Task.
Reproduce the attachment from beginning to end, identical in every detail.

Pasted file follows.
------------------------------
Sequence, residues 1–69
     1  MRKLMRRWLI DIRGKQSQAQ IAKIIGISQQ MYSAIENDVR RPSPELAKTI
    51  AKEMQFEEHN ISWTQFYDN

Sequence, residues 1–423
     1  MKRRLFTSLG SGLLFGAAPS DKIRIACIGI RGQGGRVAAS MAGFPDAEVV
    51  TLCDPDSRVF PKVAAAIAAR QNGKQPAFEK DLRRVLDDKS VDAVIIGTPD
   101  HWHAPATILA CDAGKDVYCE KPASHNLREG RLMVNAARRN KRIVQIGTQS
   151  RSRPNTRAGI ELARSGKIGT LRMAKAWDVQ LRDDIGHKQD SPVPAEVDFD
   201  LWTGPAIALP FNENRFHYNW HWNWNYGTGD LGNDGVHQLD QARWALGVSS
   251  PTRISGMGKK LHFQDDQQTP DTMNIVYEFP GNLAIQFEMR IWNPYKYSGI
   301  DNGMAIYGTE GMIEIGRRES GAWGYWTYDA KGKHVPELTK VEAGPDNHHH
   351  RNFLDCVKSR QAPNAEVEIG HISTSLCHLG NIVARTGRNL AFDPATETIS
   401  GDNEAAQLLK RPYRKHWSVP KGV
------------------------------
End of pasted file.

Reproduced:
Sequence, residues 1–69
     1  MRKLMRRWLI DIRGKQSQAQ IAKIIGISQQ MYSAIENDVR RPSPELAKTI
    51  AKEMQFEEHN ISWTQFYDN

Sequence, residues 1–423
     1  MKRRLFTSLG SGLLFGAAPS DKIRIACIGI RGQGGRVAAS MAGFPDAEVV
    51  TLCDPDSRVF PKVAAAIAAR QNGKQPAFEK DLRRVLDDKS VDAVIIGTPD
   101  HWHAPATILA CDAGKDVYCE KPASHNLREG RLMVNAARRN KRIVQIGTQS
   151  RSRPNTRAGI ELARSGKIGT LRMAKAWDVQ LRDDIGHKQD SPVPAEVDFD
   201  LWTGPAIALP FNENRFHYNW HWNWNYGTGD LGNDGVHQLD QARWALGVSS
   251  PTRISGMGKK LHFQDDQQTP DTMNIVYEFP GNLAIQFEMR IWNPYKYSGI
   301  DNGMAIYGTE GMIEIGRRES GAWGYWTYDA KGKHVPELTK VEAGPDNHHH
   351  RNFLDCVKSR QAPNAEVEIG HISTSLCHLG NIVARTGRNL AFDPATETIS
   401  GDNEAAQLLK RPYRKHWSVP KGV